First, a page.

Steve Akers of Louisville writes:

“I know from your blog that you like signs, so I’m attaching the photo of a sign I saw at our local zoo this past weekend. It is not emotionally intelligent, but it certainly illustrates extreme extrinsic motivation. It seems this construction company feels that company swag is exactly the kind of thing that will motivate employees to stay safe. I can hear the employees now, ‘Well I was going to carelessly wave this nail gun around for a while, but I’ve got my eye on that windbreaker.’

9 Responses to “Motivation through signs . . . and hoodies”

  1. Brandon Adams says:

    I’m not sure if I read this in Dan’s book or some other behavioral economics text, but research shows that in-kind rewards are better motivators than cash.

    The author of the sign may have read the same text, since I remember that one of the examples in the above research involved motivating a sales team to compete against one another to win a cruise. Top prize for being a safe worker? Chance to win a cruise (or $100, let’s not go whole hog on evidence-based management)!

  2. Gershie says:

    This might be good for motivation but it risks motivating the wrong thing. It encourages injuries to go unreported which undermines any honest effort to evaluate and improve safety.

  3. Jonsky says:

    Hey those windbreakers are custom made with company logo and all.

    BTW thanks for Drive, a wonderful book. I’ll be reading the ones you recommended in it too.

  4. Darin Schmidt says:

    The biggest problem with this sign is the utter contempt it shows toward workers. Are the penalties doubled if somebody injures some chunderhead from corporate? Wouldn’t it still be worth it?

  5. John Shervey says:

    They might be better off stating a jacket will be rewarded will be offered for 0 violations on walk-through inspections. Downgrade to a hoodie for minor safety infractions corrected within XX hours. Rewards for production enhancement ideas will be determined based on the anticipated value.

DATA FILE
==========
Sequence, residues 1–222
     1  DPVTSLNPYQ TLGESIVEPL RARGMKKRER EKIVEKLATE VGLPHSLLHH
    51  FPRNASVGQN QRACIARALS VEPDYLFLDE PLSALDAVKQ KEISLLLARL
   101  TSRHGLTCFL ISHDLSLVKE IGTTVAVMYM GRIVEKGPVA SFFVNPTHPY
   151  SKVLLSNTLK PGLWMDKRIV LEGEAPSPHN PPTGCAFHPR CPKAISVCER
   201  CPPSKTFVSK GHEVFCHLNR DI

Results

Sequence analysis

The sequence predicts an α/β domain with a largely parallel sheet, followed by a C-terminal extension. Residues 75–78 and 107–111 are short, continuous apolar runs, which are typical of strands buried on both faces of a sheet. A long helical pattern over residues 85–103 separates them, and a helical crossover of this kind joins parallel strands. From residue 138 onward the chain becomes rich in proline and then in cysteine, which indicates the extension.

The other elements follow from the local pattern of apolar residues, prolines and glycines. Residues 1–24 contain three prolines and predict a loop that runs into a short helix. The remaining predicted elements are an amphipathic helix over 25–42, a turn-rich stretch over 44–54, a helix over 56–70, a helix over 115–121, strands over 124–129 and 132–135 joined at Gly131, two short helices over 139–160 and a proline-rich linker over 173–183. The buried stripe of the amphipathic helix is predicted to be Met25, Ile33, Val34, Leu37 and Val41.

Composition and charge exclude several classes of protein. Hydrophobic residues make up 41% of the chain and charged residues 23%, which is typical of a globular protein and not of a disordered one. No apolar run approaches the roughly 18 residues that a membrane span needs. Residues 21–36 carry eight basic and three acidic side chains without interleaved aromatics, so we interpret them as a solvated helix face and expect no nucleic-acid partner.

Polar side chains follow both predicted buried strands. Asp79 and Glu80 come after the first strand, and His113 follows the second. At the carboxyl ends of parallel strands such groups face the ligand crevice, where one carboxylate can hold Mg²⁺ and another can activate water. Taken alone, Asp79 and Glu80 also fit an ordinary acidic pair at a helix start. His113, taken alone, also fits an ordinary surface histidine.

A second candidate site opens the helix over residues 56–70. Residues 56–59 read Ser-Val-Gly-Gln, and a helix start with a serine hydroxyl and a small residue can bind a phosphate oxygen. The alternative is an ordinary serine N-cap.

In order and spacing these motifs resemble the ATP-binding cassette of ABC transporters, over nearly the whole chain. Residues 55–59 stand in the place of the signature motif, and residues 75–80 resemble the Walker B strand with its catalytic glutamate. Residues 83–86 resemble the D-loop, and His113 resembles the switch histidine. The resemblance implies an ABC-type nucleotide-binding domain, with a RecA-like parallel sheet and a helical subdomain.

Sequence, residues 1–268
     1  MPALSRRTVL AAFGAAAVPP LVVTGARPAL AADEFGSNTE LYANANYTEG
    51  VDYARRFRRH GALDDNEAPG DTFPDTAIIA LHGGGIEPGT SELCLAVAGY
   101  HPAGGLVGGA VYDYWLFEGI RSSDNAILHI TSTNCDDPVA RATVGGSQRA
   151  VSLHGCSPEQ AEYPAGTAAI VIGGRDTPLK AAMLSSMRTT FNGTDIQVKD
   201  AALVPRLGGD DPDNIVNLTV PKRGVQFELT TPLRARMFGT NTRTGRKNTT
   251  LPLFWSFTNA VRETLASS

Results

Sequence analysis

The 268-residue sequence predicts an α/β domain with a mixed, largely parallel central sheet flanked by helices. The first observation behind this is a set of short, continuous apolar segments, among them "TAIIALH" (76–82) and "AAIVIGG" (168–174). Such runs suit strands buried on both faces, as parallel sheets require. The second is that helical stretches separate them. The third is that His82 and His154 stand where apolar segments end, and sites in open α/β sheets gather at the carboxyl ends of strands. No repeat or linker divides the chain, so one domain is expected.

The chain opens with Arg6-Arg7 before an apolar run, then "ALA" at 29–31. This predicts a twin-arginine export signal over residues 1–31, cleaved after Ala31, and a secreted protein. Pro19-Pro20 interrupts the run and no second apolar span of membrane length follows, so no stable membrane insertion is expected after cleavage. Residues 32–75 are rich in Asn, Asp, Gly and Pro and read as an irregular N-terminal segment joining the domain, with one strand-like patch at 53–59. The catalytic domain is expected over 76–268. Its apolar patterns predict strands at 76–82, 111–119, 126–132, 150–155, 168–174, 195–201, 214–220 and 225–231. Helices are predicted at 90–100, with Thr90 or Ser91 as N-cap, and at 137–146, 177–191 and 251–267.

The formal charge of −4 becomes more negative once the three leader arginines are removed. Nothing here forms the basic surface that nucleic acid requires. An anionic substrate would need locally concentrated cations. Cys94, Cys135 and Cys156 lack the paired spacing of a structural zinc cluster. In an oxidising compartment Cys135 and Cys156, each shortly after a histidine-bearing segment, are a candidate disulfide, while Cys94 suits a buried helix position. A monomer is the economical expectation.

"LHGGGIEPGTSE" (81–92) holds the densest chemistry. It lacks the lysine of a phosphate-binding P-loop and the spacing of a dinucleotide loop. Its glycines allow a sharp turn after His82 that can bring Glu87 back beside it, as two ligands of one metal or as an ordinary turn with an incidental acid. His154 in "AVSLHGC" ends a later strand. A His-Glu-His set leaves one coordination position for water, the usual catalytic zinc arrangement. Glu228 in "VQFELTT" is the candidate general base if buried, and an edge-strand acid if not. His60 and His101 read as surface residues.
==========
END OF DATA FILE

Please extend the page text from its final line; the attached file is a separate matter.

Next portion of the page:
Accidents/incidents reported immediately will not affect group incentives. (Careful with this one) Failure or avoidable delays in reporting will put all rewards at risk. Rewards are offered for doing things right and contributing ideas. Penalties are associated with failure to follow procedures or take initiative.

  6. Herb A says:

    Is the $100 worth the almost two years you need to work (at 8 hrs a day) to get it?
    Windbreaker after one year?
    By the time you get the 5000 hrs in, you are halfway to becoming the 10,000 “outlier” expert…you better have safety down!

  7. Gershie makes a very important point. I get angry with such programs like this that encourage employees to do the opposite of what you want — like under-report safety incidents, or “attendance programs” that only encourage employees to come to work sick and infect the rest of the office.

    People SHOULD come to work; people SHOULD behave/work in a safe manner. Rather than incent them with a silly and insulting program such as this, perhaps consider recognizing and appreciating them after the fact. In Dan’s terminology — “after/that recognition.”

  8. Hugh Culver says:

    My favorite sign was on the way into a ropes course near Nanaimo B.C. The sign read “Caution – Anti-Speed Holes” (in other words – pot holes)! I thought it was a brilliant example of re-purposing something that is actually an annoyance to control traffic speeds.

  9. Emily says:

    I think this is a great sign! For all the harsh comments, consider this : \This is a company who cares enough about their employees to spend money on safety.
    Whether it’s a cheesy “free swag” giveaway, or a sign or whatever, this snapshot shows underlying policies and a company culture that promotes safety.
    Yes, it could lead to unreported accidents if not monitored; but it seems that this company drives safety into its very core. After having been on the scene of a decapitated 19 year old at a bakery last week – this brightened my day.